There is also more than enough commercially zoned space in Albany's Central Business district, so that argument seems erroneous. While statistically higher household incomes exist in the “Northwest Albany” the decision whether or not to come into downtown particularly in the evening is one of misplaced fear of it being “unsafe.” This perception is also not validated by data, nor my personal experiences as a downtown resident for the past six months.
Your last point also fails to be credible. Lofts work in cities regardless of scale or population, the seasoned traveler can find them in cities smaller and slightly larger than Albany such as Valdosta, Thomasville, Columbus and Augusta. They are occupied mainly by those who are younger, empty-nesters and those that are artistically engaging. These residents provide after hours street life needed to support businesses, without them it is extremely challenging for businesses to stay open after the hours of 9a-5p.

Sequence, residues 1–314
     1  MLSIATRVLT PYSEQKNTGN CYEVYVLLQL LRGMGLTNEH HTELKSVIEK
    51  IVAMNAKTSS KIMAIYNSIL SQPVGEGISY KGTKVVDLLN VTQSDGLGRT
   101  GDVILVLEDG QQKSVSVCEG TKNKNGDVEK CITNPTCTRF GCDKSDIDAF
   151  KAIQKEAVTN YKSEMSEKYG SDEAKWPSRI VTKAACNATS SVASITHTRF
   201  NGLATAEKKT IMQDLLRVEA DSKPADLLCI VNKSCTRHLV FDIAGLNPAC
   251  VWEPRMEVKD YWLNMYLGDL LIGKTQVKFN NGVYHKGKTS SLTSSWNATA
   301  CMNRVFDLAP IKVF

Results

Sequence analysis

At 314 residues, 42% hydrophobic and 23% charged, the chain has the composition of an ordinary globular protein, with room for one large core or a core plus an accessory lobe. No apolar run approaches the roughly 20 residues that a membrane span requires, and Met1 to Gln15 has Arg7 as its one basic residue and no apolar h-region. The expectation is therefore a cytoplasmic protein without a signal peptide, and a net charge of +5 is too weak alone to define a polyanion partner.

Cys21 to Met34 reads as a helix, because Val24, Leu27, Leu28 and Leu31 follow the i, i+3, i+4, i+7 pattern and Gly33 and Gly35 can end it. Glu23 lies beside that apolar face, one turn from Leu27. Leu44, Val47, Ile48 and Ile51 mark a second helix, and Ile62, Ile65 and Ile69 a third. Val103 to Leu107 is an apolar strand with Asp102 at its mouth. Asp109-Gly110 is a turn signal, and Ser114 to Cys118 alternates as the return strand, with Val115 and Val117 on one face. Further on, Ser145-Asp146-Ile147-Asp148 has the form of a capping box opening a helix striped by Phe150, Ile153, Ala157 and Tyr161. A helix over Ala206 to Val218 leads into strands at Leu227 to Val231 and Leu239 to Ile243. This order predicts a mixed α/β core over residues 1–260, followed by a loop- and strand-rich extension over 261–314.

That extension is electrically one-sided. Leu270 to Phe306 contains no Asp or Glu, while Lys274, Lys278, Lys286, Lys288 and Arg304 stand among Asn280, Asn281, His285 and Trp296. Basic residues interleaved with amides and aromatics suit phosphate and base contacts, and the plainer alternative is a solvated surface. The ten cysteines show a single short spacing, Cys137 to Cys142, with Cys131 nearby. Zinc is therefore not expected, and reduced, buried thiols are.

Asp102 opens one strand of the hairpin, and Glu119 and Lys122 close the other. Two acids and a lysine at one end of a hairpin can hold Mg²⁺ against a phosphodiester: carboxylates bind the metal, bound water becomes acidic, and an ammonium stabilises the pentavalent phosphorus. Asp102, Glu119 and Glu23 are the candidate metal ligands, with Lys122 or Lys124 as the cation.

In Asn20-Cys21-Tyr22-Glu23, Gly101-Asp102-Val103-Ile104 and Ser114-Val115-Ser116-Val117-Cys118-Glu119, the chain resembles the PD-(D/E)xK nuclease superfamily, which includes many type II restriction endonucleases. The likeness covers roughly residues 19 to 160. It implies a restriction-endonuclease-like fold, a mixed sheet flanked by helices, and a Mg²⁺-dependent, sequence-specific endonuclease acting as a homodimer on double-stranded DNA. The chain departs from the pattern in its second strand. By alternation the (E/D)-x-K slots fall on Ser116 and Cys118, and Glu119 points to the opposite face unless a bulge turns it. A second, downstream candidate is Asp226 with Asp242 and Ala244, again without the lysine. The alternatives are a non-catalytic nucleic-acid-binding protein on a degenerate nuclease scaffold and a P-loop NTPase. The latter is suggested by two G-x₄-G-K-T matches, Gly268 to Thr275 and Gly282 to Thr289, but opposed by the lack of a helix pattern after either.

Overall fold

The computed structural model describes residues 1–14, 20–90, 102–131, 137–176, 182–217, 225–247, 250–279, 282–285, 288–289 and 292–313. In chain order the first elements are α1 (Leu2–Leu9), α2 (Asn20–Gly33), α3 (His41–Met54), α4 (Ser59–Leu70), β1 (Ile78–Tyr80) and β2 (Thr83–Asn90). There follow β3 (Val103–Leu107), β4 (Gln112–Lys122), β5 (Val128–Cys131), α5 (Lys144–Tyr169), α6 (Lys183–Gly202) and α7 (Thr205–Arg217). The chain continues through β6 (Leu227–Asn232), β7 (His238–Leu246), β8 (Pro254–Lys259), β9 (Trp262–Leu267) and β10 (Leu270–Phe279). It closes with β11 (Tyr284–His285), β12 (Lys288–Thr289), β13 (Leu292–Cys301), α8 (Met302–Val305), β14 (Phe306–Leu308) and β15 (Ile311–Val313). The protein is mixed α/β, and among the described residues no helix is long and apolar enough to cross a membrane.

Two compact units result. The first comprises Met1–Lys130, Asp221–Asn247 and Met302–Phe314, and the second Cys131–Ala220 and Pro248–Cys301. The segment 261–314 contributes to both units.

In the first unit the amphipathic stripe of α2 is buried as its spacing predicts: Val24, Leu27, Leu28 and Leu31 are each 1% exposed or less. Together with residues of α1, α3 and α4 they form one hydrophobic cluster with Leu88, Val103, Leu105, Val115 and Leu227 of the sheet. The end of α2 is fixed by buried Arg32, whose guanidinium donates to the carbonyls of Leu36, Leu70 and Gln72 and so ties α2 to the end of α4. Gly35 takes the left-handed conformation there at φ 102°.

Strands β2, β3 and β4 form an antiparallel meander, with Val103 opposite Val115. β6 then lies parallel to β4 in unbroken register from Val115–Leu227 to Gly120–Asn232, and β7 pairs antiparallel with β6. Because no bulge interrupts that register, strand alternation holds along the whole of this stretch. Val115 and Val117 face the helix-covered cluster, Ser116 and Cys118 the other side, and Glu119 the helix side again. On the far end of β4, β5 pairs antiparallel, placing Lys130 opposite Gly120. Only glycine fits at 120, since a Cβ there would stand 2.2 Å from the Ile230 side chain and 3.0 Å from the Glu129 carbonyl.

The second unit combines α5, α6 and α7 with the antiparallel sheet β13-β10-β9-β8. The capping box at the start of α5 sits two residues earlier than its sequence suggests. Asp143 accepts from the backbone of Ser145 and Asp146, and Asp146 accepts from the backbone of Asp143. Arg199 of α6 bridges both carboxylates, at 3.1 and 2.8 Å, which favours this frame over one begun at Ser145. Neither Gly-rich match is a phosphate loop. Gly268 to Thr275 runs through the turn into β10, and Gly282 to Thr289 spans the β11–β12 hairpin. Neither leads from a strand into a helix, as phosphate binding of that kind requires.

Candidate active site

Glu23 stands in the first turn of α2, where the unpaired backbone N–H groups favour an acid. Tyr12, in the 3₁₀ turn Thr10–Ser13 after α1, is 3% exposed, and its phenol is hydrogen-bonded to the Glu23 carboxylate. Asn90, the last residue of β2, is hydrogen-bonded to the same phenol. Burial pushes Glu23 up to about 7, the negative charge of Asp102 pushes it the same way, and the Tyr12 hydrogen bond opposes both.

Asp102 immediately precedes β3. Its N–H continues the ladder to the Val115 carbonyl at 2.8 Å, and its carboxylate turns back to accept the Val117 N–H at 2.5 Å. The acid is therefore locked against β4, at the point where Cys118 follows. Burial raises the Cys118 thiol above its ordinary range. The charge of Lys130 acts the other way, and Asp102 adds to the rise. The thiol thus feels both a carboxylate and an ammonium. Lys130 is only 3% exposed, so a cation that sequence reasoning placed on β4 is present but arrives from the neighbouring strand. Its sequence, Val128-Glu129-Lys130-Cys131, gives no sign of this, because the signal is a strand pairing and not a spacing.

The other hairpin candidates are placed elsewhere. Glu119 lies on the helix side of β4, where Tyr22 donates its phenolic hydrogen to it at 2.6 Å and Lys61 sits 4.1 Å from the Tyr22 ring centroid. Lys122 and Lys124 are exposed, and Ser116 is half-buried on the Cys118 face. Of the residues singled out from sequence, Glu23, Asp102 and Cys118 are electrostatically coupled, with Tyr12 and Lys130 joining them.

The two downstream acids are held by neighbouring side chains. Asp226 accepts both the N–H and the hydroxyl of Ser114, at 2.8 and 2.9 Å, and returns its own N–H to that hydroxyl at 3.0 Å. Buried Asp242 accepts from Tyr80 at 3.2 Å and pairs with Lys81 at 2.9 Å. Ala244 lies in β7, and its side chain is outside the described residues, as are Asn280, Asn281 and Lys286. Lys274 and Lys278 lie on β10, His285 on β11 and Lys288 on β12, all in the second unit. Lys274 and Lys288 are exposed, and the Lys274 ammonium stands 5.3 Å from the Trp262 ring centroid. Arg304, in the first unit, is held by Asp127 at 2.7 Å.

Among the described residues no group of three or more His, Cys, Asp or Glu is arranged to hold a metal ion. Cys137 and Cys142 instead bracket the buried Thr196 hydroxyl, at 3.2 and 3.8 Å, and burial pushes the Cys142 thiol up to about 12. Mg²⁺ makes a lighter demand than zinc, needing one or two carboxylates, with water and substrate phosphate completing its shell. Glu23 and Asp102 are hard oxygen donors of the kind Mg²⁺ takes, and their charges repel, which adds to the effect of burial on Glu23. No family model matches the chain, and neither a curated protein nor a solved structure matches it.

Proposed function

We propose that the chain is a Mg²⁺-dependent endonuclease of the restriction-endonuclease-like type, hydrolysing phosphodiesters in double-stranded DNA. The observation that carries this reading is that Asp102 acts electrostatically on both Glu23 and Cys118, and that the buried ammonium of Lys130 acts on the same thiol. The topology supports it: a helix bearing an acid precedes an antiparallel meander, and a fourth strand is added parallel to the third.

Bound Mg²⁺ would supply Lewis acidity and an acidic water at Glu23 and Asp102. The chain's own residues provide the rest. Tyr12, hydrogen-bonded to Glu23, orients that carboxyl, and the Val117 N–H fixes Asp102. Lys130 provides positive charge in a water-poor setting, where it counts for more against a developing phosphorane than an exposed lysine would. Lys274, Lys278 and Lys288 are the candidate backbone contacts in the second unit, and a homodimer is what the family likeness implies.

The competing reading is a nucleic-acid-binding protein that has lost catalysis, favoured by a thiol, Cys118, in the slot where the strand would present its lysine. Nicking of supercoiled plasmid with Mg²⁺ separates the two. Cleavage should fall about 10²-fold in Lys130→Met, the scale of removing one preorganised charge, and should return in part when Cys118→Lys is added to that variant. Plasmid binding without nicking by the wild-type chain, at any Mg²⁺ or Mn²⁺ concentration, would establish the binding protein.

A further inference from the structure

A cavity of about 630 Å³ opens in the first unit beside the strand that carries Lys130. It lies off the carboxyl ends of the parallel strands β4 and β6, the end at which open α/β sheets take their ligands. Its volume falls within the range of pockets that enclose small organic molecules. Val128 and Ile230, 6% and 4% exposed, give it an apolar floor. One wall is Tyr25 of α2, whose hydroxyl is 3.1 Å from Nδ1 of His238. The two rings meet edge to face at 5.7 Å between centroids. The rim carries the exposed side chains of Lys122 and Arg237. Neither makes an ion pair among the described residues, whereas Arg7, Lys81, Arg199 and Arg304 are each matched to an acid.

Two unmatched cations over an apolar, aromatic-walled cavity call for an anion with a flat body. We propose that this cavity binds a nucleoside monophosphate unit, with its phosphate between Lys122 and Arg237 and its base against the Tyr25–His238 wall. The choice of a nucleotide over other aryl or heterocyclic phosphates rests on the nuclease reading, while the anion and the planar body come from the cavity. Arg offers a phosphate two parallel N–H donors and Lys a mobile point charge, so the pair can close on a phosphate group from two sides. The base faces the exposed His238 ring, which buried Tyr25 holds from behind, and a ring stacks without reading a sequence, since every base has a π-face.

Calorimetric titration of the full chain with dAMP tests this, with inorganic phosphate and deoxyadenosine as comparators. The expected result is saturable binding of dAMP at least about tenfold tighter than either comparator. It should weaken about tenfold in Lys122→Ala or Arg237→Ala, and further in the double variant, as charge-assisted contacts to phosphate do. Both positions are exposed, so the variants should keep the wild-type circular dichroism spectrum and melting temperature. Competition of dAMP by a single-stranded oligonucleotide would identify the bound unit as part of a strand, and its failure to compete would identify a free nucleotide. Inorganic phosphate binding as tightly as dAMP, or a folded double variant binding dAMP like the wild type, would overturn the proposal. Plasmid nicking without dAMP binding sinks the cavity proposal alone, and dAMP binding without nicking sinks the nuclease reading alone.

According to the U.S. Census, Albany’s Daytime Weekday Population Change is +18.9% yielding a population of 91,513, which means Albany is still a major regional employment center. It also means that residents who would like to live downtown, and are not deterred by high crime hearsay may not actually live in-town because of a lack of housing options. Keep in mind that at least three of Albany’s largest employers are located within walking distance of the Central Business District: The City of Albany, Phoebe Putney Memorial Hospital and Albany State University.
I am glad Mr. Blair sees that housing is a critical component to the redevelopment of Downtown Albany. Lofts will fit in with other initiatives such as the Nights @ Dtown and the Art Park to provide a housing option that does not currently meet the demands here in Albany, providing those that seek such a lifestyle the option to reside comfortably in Albany while supporting local businesses, other downtown initiatives, and if you will, setting a physical example for those naysayers amongst us.
Last login: Thursday, December 13, 2012